Manchester to open a new outdoor theatre for summer

Chris Wiegand
·2-min read

A new outdoor theatre in Manchester is to present productions of A Midsummer Night’s Dream and Alice’s Adventures in Wonderland this summer.

Homeground, a temporary open-air space announced on Thursday, has been conceived by the city’s multi-arts venue Home. Its 400-seat socially distanced outdoor theatre and a second stage for free performances will be sited on an 80,000 sq ft future development site on First Street, next to Home. The venue, supported by the government’s culture recovery fund, opens on 28 May and will create 450 new employment opportunities for freelance artists and creative practitioners.

Dave Moutrey, Home’s director and CEO, said that the arts will “play a vital role in the recovery of the country” as England moves out of lockdown. “We all want to bring a sense of hope and joy back to our communities, and to provide more opportunities for an artistic freelance sector decimated by the pandemic. And we want accessibility for all to be at the heart of this project, which is why there is a low-cost or free programme, as well as free performances for schools.”

A Midsummer Night’s Dream, which runs from 3-26 June, is a Filter theatre production directed by Sean Holmes. Alice in Wonderland, created by Stockroom (the company formerly known as Out of Joint) and directed by Lekan Lawal, will feature new and contemporary Manchester songs. It runs in the theatre from 15 July to 7 August. Homeground’s second stage will have a different curator from the city every week, including Manchester folk festival and Contact theatre company.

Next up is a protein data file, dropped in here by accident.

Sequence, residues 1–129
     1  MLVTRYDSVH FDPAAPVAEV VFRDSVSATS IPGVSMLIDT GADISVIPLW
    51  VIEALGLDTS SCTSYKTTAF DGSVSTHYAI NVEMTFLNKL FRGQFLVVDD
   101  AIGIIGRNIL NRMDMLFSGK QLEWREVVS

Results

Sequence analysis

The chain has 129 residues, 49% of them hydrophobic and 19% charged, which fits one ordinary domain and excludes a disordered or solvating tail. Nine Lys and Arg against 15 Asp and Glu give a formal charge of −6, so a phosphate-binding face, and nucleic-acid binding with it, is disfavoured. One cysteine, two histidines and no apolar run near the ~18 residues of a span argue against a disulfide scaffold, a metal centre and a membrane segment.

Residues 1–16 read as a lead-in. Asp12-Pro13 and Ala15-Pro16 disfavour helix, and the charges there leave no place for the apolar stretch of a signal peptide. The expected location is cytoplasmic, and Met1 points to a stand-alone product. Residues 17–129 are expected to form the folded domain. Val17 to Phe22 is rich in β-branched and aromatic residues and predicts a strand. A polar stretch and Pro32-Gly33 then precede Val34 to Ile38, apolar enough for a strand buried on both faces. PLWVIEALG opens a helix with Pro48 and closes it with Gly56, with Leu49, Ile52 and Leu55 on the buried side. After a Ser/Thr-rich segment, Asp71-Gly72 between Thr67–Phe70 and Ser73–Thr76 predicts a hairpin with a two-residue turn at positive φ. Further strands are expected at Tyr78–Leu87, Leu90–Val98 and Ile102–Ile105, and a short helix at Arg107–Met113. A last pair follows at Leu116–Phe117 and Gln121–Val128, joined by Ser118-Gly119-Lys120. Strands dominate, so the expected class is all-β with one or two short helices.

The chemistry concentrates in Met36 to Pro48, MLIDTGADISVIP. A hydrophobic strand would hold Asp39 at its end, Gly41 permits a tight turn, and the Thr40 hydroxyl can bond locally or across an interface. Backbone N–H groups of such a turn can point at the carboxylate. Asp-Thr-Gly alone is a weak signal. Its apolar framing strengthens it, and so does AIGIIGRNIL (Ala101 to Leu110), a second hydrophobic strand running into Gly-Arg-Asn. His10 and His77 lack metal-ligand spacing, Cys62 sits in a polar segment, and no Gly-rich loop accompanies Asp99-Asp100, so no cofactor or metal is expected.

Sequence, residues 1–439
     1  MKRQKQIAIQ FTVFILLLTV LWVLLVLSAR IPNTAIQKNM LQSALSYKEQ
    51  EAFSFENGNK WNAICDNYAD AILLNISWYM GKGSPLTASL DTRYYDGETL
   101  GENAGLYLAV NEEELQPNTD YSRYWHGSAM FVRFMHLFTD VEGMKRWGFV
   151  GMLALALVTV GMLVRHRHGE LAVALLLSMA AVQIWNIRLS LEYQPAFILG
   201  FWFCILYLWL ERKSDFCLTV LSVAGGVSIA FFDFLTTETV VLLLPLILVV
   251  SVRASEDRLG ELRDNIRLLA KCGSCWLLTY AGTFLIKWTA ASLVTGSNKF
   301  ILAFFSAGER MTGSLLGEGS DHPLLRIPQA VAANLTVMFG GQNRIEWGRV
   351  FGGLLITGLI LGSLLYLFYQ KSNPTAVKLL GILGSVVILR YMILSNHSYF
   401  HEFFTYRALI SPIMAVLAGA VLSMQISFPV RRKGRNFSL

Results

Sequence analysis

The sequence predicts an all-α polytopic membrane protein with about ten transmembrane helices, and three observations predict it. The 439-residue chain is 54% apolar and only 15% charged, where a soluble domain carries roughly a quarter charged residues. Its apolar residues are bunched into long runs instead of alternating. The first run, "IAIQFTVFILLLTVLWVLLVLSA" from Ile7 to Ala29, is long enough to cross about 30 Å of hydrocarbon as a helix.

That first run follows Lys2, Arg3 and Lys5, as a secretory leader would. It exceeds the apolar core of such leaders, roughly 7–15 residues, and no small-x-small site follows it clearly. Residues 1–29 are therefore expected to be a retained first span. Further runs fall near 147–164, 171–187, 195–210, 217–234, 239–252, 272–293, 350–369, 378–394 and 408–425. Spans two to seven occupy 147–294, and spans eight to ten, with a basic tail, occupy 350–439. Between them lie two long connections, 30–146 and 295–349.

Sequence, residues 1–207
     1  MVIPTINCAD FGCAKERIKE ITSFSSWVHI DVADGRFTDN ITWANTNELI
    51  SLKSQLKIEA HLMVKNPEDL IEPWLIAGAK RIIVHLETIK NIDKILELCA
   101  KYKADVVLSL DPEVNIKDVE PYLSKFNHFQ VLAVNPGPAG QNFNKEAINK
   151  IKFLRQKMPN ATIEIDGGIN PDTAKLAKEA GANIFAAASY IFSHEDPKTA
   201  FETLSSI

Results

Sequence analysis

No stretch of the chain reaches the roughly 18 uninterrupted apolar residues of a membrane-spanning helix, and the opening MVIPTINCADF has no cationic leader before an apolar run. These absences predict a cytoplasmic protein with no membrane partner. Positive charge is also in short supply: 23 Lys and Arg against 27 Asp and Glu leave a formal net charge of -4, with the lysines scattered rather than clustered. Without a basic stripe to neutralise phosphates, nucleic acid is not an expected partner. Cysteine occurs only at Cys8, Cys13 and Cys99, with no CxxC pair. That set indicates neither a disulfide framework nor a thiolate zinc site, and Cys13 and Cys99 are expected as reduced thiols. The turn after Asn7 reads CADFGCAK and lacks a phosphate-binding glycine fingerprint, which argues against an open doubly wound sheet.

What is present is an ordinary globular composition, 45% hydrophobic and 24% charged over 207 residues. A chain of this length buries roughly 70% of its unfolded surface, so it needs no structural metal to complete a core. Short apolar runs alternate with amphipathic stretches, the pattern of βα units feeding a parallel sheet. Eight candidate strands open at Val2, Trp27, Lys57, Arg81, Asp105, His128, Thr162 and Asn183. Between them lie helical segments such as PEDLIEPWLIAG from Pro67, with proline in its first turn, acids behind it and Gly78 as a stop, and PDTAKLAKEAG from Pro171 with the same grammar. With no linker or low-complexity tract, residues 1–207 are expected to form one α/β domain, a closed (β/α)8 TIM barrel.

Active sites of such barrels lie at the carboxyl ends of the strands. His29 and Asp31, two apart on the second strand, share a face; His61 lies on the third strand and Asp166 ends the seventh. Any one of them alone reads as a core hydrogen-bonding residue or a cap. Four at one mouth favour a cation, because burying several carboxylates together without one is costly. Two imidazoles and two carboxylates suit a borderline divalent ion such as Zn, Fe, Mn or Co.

The site has been designed by Cordelia Ashwell of Decordia Events, from a collaboration with Home curator Bren O’Callaghan. Ashwell said that they had decided not to disguise the brownfield nature of the site and had created a design “influenced by scrapyards, the neon graveyard of Las Vegas and remnants of stories that attach themselves to architectural salvage. We settled upon a method of display popularised by the Victorians and in municipal museums – the wunderkammer, or cabinet of curiosities. In this way, seemingly random and otherwise ordinary objects become extraordinary.” The site is set to feature a number of artefacts, “some of which we think the public will recognise, and others may come as a bit of a surprise”.

On Thursday it was also announced that Manchester’s Hope Mill theatre is to stage the first new UK production in 10 years of the musical The Wiz, based on The Wizard of Oz and directed by Matthew Xia. It opens on 24 November.